Most who have spent any time here know I am a volunteer Guardian ad Litem. The State of Florida Guardian ad Litem Program is a network of professional staff and community advocates, partnering to provide a strong voice in court and positive systemic change on behalf of Florida’s abused and neglected children. There are 21 local Guardian ad Litem programs in 20 judicial circuits in Florida.
Why would you want do do something like that? Have you seen some of those people?
People, just like you and me and for some, just because of the luck of the draw, they ended up with a shit sandwich instead of filet mignon.
Were you abused or neglected?
Both my parents loved me very much, but that doesn’t mean I had it easy. My parents divorced in my early teens, my mother was an alcoholic, and my dad and I moved away from the town I grew up in when I was 15. My dad was deeply enmeshed in his mid-life crisis and I was pretty much left to fend for myself during my formative teen years. I was so ill prepared for the next step after high school, I joined the Army; which ended up being a godsend, but I didn’t fully appreciate it at the time.
Somehow, someway I was able to use not only the bad experiences in my life, but the good ones as well to shape who I have ultimately become. I am nowhere near perfect, but do know I have been blessed in many ways to the point I feel an obligation to give back. Through the GAL program, I felt this was where I could really roll up my sleeves and hopefully make a difference on a one on one basis.
How is that working out?
Well, I was told whatever victories you have will be small ones at best. Without going into too much detail all I will say it is very sad to see how broken down some of these kids are and the realization in all likelihood, they can only survive within the system; our tax dollars at work.
It definitely gives me a reality check and makes me extra thankful for what I do have and not to be too judgmental unless you’ve had the opportunity to walk a mile in someone else’s shoes.
How’s is working out? The jury is still out but I’d like to think I’m doing some good for somebody.
It can’t be that bad, can it?
Oh yeah, on so many levels.
Then just walk away
That would certainly be the easy thing to do, wouldn’t it?
I still have work to do
I have a current case where the children have been removed from the home and placed in foster care. The case is over one year old and I would like to say we are close to resolution, but I now have my doubts.
The parents say they want the children back and have somewhat complied with the case plan, but one of the spouses keeps going off the rails and it’s getting to the point where I am not sure if reunification will ever happen for them. And the state is not asking the parents to jump through hoops, all we want to see is the absolute bare minimum of compliance.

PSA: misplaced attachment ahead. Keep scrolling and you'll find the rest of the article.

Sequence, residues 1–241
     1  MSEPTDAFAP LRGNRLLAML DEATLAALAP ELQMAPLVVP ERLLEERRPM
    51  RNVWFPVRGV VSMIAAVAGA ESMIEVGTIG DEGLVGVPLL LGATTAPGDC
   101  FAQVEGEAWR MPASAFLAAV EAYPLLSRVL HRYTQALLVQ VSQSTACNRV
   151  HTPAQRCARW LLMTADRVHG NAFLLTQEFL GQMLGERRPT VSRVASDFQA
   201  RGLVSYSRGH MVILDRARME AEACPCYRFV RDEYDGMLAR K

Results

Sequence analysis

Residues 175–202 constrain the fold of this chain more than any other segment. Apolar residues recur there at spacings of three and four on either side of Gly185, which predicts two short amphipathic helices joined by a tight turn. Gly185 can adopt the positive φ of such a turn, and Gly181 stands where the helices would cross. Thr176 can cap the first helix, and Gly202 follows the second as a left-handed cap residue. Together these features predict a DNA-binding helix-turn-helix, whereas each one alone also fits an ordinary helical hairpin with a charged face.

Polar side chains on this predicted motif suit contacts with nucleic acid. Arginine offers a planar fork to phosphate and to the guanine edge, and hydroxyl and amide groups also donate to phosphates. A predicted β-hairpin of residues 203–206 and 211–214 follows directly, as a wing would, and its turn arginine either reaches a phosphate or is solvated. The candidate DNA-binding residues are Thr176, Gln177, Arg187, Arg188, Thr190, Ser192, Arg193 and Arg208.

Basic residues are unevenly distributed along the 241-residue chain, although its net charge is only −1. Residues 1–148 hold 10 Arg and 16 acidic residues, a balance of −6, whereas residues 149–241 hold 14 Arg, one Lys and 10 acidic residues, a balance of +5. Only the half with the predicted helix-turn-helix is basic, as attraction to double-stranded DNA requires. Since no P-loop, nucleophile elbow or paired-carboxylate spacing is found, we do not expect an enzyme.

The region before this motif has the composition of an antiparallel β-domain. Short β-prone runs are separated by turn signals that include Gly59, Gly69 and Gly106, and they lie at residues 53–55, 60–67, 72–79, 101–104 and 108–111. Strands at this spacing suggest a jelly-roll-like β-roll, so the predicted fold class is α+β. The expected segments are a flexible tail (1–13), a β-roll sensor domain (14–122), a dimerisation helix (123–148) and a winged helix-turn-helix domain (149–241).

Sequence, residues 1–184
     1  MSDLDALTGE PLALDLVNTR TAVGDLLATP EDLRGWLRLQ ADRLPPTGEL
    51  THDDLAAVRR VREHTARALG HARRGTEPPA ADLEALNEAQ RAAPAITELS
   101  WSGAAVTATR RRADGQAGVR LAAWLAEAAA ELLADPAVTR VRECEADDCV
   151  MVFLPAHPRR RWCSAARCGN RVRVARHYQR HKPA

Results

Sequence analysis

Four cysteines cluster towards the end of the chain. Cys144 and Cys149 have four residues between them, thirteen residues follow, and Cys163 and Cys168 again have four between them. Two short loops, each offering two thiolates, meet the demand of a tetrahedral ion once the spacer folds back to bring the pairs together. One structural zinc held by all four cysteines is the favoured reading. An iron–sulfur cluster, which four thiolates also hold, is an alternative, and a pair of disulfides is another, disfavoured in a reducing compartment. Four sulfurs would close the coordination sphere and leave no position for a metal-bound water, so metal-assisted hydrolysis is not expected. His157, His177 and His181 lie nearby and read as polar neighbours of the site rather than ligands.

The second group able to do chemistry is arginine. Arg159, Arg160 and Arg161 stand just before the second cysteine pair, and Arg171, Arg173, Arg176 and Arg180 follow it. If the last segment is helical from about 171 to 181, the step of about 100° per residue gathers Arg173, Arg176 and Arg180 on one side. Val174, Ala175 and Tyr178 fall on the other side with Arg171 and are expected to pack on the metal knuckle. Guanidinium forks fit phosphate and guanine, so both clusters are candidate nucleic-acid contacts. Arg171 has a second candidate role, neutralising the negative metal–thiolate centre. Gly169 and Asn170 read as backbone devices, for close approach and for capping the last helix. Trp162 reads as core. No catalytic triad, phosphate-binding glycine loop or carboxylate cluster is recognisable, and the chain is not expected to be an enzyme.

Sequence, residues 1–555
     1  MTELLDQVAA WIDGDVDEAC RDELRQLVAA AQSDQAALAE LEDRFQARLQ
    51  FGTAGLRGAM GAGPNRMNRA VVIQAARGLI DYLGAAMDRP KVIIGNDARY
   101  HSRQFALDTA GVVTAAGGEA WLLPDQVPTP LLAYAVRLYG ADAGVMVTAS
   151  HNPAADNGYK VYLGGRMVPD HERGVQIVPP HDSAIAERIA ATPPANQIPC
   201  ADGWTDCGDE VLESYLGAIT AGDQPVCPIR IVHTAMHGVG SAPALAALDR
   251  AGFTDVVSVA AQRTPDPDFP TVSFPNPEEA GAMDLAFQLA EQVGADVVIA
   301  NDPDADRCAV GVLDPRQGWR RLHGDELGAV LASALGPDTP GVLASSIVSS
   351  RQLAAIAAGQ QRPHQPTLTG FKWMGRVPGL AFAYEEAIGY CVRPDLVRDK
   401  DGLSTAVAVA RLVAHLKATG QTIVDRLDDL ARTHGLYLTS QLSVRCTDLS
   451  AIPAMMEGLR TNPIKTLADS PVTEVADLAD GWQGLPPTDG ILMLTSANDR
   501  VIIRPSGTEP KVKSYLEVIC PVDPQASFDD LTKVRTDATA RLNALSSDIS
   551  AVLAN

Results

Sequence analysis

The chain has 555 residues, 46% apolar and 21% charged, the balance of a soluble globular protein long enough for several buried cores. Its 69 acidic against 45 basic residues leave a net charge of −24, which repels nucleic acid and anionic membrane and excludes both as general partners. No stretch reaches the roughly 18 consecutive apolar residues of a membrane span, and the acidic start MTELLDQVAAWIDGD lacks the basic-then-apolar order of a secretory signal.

You make the call.
There are many people involved in this case including the case manager and therapist so I am not the hammer that goes in front of the judge with sole discretion on the outcome. But here are the choices we are faced with:
- The kids (there are five of them) are reunified with their parents and it rapidly goes back to the same situation that got the kids removed from the house in the first place. Personally, I have serious doubts if these parents can afford to properly feed or clothe these children, but like I said just the absolute bare minimum of care will get these kids back home.
No kidding, and that is probably the best of the two other choices.
- Choice two: foster care. Because of the behavioral issues these kids have I think it will be almost impossible to keep these kids together as a family unit. The low hanging fruit good kids will go first and the problem children are likely to get bounced from house to house.
Don’t let that happen.
I hear ya, I wish the parents would start parenting.
- Good ol’ choice three: Group foster care. If any of the kids become too rowdy and can’t exist in the traditional foster home setting, they will be transferred to a group home, and to be institutionalized at such a young age is a recipe for disaster. You have other problem children in the home that have been cast out too and not enough supervision in the home so the chances of a good outcome are slim indeed.
Can’t you fix it?
Yeah, let me wave my magic wand and make everybody behave the way they are supposed to.
What I can do is keep trying. If I was able to even reach one kid so he could use this experience to better himself, I would certainly consider that a win.
Other than run for the hills, if you were faced with this dilemma, what would your choice be?